For this project, we’ve been using an Ultimaker 2, printing in PLA and using acrylic paint for finishing the objects. Post-processing of the prints has included polishing, sanding and painting. The tools that we have used have included:
- Wet and dry sandpaper
- A mini grinder
- Glue [for connecting the parts of the object – most of the sculptures were printed in two parts, as the Ultimaker’s print volume is 20 x 23 cm and we were keen to print larger objects.]
- Car putty for fixing the borders
- An airbrush for painting
- Plastic primer
- And various types of paint, including acrylic spray, airbrush paint, car paint and model paint.
We’ve been working with 3D animations for the last few years, developing visual works that convey a sculptural quality – aestheticized, sensual – almost tangible. In our projects, we often explore physicality, materiality issues, bodily queerness and the constant mutation between synthetic-organic structures.
As a natural consequence of working with computer generated imagery, we’ve decided to transform our video creations into material forms and develop objects that express similar aesthetics to 3D rendered art and internet-based creations, to the point that it will be difficult to distinguish the CGI from the physical object. We strive to accent the fusion of virtual and material environment and the constant state of flux.
Materia is our first series of 3D printed sculptures. Created objects are inspired by classical sculpture, yet traditional bodily forms are deconstructed – ‘computer affected’. Digitally processed organic structures are changed into abstract shapes, manifesting the spirit of the post-digital / post-human. Within the design process, we’ve used various effects and 3D simulations to achieve interesting forms that correspond with current net-art / hyper-virtual aesthetics. The project conveys a modern version of classical beauty, blurring the borders between artificial and natural, virtual and material.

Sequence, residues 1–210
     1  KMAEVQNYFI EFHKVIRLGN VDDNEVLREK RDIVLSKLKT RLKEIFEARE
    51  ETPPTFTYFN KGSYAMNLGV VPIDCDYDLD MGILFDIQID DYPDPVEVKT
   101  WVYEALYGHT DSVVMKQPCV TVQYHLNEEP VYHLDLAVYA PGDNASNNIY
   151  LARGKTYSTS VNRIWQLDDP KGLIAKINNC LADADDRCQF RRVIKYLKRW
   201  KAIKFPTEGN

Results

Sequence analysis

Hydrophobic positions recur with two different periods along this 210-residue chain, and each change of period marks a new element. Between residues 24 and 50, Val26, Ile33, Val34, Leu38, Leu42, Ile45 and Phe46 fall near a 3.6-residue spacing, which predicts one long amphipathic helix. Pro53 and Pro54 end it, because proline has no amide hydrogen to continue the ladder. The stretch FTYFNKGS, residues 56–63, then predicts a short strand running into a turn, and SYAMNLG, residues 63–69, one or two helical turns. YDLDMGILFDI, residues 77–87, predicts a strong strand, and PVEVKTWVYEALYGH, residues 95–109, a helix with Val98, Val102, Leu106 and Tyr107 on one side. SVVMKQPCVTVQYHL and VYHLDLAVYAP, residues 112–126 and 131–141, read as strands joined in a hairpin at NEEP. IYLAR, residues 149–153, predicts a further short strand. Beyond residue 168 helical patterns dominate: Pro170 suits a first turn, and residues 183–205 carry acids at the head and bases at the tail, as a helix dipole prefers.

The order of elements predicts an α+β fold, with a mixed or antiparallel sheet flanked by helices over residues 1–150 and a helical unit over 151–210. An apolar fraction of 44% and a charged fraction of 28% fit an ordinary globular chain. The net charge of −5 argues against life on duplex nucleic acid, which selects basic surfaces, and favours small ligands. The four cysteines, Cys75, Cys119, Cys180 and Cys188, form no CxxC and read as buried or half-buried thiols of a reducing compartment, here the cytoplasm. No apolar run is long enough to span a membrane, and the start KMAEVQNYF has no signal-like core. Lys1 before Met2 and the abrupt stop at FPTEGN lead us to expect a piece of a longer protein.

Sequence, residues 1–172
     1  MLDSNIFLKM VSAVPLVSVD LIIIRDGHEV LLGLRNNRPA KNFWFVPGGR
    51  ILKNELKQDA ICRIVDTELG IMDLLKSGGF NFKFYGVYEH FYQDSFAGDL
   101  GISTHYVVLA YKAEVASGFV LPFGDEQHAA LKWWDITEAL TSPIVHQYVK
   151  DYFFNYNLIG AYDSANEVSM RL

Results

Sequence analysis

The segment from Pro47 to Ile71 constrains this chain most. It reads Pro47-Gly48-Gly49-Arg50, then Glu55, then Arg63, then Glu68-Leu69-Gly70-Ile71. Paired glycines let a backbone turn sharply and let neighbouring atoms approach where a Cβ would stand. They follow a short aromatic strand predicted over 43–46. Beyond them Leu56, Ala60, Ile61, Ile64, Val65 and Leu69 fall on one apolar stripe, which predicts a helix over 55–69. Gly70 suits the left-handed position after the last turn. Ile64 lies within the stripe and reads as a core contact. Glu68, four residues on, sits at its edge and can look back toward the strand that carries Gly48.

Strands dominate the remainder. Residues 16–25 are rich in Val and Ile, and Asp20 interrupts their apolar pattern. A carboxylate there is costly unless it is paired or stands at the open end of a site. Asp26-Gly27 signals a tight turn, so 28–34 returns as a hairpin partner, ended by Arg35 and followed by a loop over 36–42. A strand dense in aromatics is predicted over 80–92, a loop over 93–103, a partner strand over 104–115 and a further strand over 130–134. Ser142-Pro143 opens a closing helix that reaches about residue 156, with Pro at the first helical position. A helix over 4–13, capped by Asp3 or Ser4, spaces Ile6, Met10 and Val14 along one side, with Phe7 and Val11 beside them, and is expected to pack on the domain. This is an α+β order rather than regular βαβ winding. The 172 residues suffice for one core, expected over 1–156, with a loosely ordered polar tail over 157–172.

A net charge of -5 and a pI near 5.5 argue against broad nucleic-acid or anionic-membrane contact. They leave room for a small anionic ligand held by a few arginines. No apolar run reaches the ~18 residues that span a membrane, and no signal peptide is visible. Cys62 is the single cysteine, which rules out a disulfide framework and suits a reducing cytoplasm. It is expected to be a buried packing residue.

Every Thursday is #3dthursday here at Adafruit! The DIY 3D printing community has passion and dedication for making solid objects from digital models. Recently, we have noticed electronics projects integrated with 3D printed enclosures, brackets, and sculptures, so each Thursday we celebrate and highlight these bold pioneers!
Have you considered building a 3D project around an Arduino or other microcontroller? How about printing a bracket to mount your Raspberry Pi to the back of your HD monitor? And don’t forget the countless LED projects that are possible when you are modeling your projects in 3D!
The Adafruit Learning System has dozens of great tools to get you well on your way to creating incredible works of engineering, interactive art, and design with your 3D printer! We also offer the LulzBot TAZ – Open source 3D Printer and the Printrbot Simple Metal 3D Printer in our store. If you’ve made a cool project that combines 3D printing and electronics, be sure to let us know, and we’ll feature it here!